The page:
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History Russia & The Former Soviet Union

Carpathian Rus'

A Historical Atlas

by (author) Paul Robert Magocsi

University of Toronto Press
Initial publish date
Nov 2017
Russia & the Former Soviet Union, Atlases, General, Geography, Eastern
  • Hardback

    Publish Date
    Nov 2017
    List Price

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Located at the exact geographic center of the European continent, and known by many as "the heart of Europe," Carpathian Rus’ is a quintessential borderland, where geographic, political, ethnolinguistic, religious, and socio-climatic borders converge. In the midst of this diversity, the main population has traditionally been comprised of Carpatho-Rusyns, a stateless people who have interacted with other peoples living within their midst: Hungarians/Magyars, Slovaks, Poles, Romanians, Jews, Germans, Roma/Gypsies, and, in more modern times, Czechs, Ukrainians, and Russians.


Providing a firm understanding of the complexities of this fascinating space, Carpathian Rus’: A Historical Atlas is the first text in any language to discuss this historic land and its local population. Including 34 chapters with full-colour maps that trace, in chronological order, developments not only in the historic territory of Carpathian Rus’ but also in the larger surround area of central Europe. Accompanying each chapter is an explanatory text to provide the geographic, ethnolinguistic, cultural, and historical context of the accompanying map.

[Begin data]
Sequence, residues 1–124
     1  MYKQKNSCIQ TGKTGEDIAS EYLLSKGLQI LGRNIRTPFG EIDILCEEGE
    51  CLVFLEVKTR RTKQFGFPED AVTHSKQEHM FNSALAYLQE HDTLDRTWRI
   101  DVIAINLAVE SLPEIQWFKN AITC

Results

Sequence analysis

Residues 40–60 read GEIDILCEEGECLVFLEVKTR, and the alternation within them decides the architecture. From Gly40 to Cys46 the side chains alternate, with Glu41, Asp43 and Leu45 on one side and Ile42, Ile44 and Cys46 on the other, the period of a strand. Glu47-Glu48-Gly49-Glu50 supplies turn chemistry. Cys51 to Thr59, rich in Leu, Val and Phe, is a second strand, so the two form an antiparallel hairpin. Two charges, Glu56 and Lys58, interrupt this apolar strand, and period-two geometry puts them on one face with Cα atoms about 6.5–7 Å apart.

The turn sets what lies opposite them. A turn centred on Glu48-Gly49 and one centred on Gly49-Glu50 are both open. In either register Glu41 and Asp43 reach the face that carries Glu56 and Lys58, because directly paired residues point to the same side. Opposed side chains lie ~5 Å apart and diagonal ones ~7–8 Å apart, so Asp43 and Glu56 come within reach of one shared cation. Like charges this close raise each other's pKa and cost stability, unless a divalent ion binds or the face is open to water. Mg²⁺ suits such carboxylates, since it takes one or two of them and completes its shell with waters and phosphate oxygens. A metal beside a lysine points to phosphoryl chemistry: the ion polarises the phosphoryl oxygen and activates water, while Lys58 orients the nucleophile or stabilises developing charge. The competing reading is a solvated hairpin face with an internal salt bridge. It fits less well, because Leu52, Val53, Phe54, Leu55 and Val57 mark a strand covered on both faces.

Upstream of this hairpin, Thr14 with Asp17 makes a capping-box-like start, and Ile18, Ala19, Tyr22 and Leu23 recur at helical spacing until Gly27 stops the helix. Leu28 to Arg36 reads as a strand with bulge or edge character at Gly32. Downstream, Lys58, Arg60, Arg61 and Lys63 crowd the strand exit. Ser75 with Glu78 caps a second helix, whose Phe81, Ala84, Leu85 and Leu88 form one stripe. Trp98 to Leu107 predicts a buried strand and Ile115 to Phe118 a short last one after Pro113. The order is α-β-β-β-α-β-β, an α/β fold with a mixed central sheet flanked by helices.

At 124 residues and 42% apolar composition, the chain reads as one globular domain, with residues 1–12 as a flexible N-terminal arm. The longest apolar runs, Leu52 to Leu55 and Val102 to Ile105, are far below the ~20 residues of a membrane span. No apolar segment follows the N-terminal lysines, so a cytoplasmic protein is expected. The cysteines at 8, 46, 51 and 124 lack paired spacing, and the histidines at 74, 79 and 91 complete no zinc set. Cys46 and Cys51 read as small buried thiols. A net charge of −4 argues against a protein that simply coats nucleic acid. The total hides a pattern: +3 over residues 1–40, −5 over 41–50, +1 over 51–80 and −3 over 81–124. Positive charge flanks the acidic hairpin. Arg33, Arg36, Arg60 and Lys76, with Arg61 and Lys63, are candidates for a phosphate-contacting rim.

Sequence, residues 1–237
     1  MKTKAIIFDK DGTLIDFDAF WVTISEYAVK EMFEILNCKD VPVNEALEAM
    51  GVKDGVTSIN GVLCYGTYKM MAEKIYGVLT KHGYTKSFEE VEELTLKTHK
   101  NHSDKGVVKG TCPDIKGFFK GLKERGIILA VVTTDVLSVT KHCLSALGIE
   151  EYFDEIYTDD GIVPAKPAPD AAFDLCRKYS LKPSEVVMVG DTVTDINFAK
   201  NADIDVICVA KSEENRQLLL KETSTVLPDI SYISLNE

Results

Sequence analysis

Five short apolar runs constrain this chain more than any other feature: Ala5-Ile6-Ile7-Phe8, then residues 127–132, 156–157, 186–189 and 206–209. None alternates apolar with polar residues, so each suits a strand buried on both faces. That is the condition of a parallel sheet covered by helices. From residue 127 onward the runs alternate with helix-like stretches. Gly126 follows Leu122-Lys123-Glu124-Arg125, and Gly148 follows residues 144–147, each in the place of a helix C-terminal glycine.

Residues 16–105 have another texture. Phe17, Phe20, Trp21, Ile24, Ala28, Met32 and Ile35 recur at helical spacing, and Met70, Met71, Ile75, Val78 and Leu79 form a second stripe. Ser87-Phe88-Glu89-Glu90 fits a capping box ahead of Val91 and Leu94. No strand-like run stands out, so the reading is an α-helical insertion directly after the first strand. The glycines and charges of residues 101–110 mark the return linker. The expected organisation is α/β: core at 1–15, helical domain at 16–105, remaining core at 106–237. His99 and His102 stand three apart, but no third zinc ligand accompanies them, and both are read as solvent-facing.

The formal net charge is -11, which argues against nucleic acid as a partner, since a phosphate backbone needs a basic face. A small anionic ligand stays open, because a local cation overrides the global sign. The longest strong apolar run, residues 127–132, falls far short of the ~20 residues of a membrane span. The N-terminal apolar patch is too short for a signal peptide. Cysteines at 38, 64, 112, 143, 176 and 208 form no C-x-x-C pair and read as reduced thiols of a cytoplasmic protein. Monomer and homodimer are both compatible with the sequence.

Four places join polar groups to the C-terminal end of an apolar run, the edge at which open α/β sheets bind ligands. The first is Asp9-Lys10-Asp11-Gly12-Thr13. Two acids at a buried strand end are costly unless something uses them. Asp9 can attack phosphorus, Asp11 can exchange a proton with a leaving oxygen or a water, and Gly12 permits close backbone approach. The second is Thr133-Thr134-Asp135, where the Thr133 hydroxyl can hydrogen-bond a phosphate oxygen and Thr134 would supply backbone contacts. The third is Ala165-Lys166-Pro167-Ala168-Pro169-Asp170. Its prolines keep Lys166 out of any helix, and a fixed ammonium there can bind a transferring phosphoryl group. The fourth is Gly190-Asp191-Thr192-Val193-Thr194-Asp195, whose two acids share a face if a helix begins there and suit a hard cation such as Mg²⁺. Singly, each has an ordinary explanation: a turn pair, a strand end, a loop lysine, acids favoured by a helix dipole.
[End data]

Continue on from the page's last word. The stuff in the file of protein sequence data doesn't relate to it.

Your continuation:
About the author

Paul Robert Magocsi, FRSC, is professor of history and political science and holds the John Yaremko Chair of Ukrainian Studies at the University of Toronto.

Paul Robert Magocsi's profile page

Editorial Reviews

‘The atlas provides a wealth of fascinating detail… This historical atlas is a fitting culmination of Magocsi’s lifelong campaign on behalf of Carpathian Rusyns.’

Canadian Slavonic Papers April 2018

"One could only wish that the region had more historians like Paul Robert Magocsi, as well as research centers and publishing houses willing to embark on similar costly, long-term, and solid projects."

<em>Harvard Ukrainian Studies Journal </em>

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